Most of my low moments were at the beginning of the Smokies. The first day was uphill to get up to the ridge of the Smokies and the mountains looked the same as Georgia and North Carolina. On the second day the wind gusted at 25 miles/hr constantly and the mountains were still the same. Rain and winds as high as 45 were predicted for the third day. I woke up at 7 am and walked my slowest pace yet. At Thunderhead mountain the wind was almost blowing me over. I took lunch and 20 minutes later it was raining and soon I was soaked through my rain jacket. When I got to the shelter I saw tents up and I was worried I’d have to set up but there was still room in the shelter. I also got to see my friends Firecracker, Terrible Lizard, Tumbleweed, and Foot Long again. So far the Smokies were proving to be place where I had either short days or long days (there is a rule in the Smokies that thru hikers must stay in the shelters unless they are full), a time line to get thru them, and a place where instead of a privy there were areas called “toilet areas”.
The Scene Change
Although we were obligated to stay in the shelters they were in pretty good shape in the Smokies. They were made of stone with fire pits inside and most were wind protected by tarps in the front. If it hadn’t been for them my first few days could of been a lot worse and I was very lucky to get spots in them. The day after it rained things instantly became better. Although more rain was predicted the sun was peaking through the fog. After a mile into my walk the scenery started to change. Moss was covering almost every surface, evergreen trees became regular, grass lined the trail. There were even views of the surrounding mountains as I hiked up towards Clingman’s Dome, the highest point on the AT. When I got there I was blessed with a 360 degree view from the observation photo. I saw my friends going down the road to the visitors center and followed. They had gotten a ride to Gatlinburg. I was planning on going there from Newfound Gap, but one of the volunteers found me a ride I could not turn down, so I was soon being driven down through the giant mountains into the valley below and the tourist town I hadn’t visited for years.
That lucky day in Gatlinburg
The nice lady who gave us a lift dropped us off at the NOC. Once I hit town I was on a mission to get to the post office which was on the opposite side of town and closed in an hour. I hurried down the street towards the aquarium which was the main location for catching a trolley. I was wearing my pack winding through the tourist occasionally asking if I was going the right way. I took the trolley and got to the post office with 5 minutes to spare and shopped for cheese while waiting for the return trip. I hadn’t realized that Gatlinburg was booked everywhere and when I showed up at the hotel without a reservation I was told there were no rooms left. I must of looked stumped because the man told me there were two guys in a 4 bunk room and I quickly asked if I could sleep in one of the bunks. They agreed thankfully and I was super happy to have a place to stay the night. I was starving so after putting on my crocks I set off to eat at the first place I saw which happened to be Texas Road House. I had been craving a margarita for 2 weeks so I ordered one. When carded I pulled out my hiker Waller (a plastic zip lock bag) and the woman next to me at the bar excitedly asked if I was a hiker. Her name was Andrea and her husband Mike had hiked 600 miles of the AT. They bought my drink and offered to drive me back to the trail the next day. (Thank you guys! You’re great trail Angels!”) Afterwards I ate ribs and veggies and headed back to my bunk pretty content with all the luck I had run into that day.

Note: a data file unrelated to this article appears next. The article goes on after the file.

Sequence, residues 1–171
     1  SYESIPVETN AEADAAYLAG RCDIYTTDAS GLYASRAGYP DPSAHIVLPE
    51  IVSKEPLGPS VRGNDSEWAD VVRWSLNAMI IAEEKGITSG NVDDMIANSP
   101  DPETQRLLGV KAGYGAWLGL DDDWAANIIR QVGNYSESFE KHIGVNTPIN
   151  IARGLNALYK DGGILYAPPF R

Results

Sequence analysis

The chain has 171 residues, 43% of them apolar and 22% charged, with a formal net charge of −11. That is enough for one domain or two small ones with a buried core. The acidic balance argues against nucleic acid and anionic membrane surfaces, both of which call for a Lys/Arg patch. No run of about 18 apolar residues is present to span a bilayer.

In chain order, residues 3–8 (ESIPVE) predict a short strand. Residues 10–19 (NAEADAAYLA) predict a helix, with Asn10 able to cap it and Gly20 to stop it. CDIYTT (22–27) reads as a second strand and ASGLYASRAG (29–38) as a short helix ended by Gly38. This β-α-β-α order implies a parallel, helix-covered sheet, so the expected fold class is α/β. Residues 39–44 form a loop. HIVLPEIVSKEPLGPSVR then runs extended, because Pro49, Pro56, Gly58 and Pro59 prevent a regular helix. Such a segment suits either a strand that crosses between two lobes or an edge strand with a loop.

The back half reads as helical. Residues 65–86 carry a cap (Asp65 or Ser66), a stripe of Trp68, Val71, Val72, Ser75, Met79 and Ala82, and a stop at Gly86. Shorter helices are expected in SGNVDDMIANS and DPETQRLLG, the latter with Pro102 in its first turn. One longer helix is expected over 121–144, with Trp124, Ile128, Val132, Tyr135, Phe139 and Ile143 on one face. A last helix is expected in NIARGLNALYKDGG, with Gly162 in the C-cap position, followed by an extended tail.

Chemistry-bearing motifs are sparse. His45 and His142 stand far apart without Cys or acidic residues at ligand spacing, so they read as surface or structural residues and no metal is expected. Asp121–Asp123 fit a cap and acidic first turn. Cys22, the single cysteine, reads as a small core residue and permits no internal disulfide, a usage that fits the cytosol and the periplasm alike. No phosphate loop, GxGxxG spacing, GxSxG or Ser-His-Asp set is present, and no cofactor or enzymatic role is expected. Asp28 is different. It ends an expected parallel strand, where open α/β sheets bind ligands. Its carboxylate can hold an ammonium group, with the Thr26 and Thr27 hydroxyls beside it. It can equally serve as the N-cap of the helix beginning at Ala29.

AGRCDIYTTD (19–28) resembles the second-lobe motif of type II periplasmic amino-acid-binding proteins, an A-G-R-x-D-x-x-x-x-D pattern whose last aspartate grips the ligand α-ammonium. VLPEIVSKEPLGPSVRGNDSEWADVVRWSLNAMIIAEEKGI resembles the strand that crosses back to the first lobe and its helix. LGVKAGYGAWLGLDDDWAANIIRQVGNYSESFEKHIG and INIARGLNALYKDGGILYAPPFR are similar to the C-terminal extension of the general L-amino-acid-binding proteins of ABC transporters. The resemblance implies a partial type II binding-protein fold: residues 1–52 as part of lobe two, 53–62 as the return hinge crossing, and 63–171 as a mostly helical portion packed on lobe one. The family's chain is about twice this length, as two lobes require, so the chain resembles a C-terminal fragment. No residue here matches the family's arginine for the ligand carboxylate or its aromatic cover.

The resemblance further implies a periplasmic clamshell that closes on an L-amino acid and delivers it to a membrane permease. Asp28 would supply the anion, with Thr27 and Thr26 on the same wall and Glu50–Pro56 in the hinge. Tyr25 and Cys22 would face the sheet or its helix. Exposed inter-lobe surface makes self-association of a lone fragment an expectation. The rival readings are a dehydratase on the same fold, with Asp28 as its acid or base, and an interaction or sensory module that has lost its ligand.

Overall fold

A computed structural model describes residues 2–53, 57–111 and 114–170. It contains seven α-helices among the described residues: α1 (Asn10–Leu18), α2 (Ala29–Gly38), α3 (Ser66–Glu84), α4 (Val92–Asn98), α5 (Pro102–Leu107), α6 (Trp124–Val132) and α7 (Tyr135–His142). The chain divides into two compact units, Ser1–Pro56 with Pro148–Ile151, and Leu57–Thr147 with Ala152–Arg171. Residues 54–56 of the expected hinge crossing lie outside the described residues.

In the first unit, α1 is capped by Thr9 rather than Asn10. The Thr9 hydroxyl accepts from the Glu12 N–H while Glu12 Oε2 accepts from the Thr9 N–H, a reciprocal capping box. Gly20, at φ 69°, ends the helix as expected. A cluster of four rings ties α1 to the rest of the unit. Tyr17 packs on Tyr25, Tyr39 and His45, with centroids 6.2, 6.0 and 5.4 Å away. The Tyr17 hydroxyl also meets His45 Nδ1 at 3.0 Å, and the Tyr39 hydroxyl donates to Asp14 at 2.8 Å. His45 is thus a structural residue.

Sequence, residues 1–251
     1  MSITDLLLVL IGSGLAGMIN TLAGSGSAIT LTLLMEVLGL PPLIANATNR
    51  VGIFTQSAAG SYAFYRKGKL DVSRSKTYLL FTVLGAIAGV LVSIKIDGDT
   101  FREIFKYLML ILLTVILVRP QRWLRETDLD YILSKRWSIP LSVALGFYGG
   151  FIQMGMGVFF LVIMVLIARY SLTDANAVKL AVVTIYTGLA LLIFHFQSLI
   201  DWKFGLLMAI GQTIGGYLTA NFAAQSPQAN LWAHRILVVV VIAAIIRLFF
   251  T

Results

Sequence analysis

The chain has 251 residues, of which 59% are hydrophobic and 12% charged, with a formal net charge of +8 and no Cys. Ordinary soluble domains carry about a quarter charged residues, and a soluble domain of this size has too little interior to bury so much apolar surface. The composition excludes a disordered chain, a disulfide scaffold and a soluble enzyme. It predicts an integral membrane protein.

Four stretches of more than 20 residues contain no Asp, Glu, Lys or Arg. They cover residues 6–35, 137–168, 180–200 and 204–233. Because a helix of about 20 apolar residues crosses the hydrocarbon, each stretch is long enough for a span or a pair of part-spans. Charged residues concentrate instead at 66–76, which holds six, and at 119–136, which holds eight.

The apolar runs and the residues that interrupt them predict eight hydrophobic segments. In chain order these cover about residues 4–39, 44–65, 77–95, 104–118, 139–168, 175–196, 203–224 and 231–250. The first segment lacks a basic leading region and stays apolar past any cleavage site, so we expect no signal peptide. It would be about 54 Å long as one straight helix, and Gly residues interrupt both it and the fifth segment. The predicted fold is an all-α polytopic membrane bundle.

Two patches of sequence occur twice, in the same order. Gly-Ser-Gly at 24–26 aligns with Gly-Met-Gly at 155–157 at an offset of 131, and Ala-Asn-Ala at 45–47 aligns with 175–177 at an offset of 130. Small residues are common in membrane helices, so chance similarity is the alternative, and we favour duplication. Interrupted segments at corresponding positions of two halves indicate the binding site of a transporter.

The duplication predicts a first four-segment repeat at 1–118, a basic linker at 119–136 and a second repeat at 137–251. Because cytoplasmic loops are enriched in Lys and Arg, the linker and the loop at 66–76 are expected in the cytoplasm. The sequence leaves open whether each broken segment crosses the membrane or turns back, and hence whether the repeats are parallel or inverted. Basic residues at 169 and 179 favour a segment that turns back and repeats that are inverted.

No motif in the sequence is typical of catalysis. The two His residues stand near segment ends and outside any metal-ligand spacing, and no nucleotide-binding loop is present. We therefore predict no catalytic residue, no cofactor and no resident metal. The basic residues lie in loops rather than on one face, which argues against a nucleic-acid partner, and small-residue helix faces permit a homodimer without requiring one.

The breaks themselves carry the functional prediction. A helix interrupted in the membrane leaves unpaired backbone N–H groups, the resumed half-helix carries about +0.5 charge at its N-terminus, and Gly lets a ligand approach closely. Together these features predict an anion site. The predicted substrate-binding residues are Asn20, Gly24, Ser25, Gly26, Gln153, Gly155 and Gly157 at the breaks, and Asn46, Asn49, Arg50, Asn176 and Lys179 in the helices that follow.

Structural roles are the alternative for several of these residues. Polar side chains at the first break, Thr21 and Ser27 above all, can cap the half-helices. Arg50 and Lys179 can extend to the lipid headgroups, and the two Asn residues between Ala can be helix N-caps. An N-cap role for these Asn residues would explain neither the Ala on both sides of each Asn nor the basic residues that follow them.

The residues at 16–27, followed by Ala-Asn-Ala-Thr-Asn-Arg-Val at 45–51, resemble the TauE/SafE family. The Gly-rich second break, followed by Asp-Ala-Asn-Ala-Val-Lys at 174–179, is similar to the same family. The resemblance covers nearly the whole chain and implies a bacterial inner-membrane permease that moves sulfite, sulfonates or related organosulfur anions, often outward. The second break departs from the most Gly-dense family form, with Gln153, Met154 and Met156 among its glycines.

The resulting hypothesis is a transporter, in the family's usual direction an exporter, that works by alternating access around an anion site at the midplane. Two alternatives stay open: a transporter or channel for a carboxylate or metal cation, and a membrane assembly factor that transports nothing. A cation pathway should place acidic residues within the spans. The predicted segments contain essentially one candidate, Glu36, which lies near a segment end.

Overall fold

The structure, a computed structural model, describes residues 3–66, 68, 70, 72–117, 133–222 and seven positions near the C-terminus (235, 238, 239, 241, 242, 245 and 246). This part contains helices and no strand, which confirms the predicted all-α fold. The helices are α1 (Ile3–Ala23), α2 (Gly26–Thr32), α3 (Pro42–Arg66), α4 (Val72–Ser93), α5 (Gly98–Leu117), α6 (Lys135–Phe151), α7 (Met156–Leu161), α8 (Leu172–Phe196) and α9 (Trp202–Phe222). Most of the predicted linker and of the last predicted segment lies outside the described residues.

The Second Half
The rest of the Smokies were a breeze. The lovely couple drove me back to Clingman’s Dome, where it was super windy and cold, but I hiked through it and was hit with some trail magic at Newfound Gap of sandwiches, which helped me get up the last hill of the day to stay at Ice Water Shelter, where I ran into the two cousins Moose and Raw again. The next morning I got a glimpse of an amazing sunrise and my water froze per the name sake of the shelter. The rest of the day was full of mossy fairy like forests and views of the valleys below including a pretty incredible view at Charlies Bunion. The next day was my last real day of the Smokies and I relished in every moment of trail. It was very chilly but the scenery made up for it and I felt like my hiker legs were finally coming in. There was a long steep downhill out of the park and as the elevation changed there were many white flowers popping out everywhere. As I got further down, however, it became the same leafless trees once again. I had one more mile in the Smokies to do the next day and that night there was one last campfire in the shelter provided by Lord Bearclaw, and I went to sleep without my sleeping bag liner for the first time that week.
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I was born in PA in 1991 and raised in the town of Blacksburg Virginia just a bit away from the AT. After completing a degree in Environmental science I moved to New Jersey for a few years and realized I really wasn't into the desk job thing. I decided that now was a really good time to hike the AT so after being reassured by my mother I decided it was a swell time to give it a try.
I like home brewing, cooking, nature, and laughing.
Weston : Apr 21st
Thanks for sharing about this part of your hike.
I sectioned hiked thru the smokies 2 years ago, and would like to do the whole A.T.
Keep us posted on your great journey.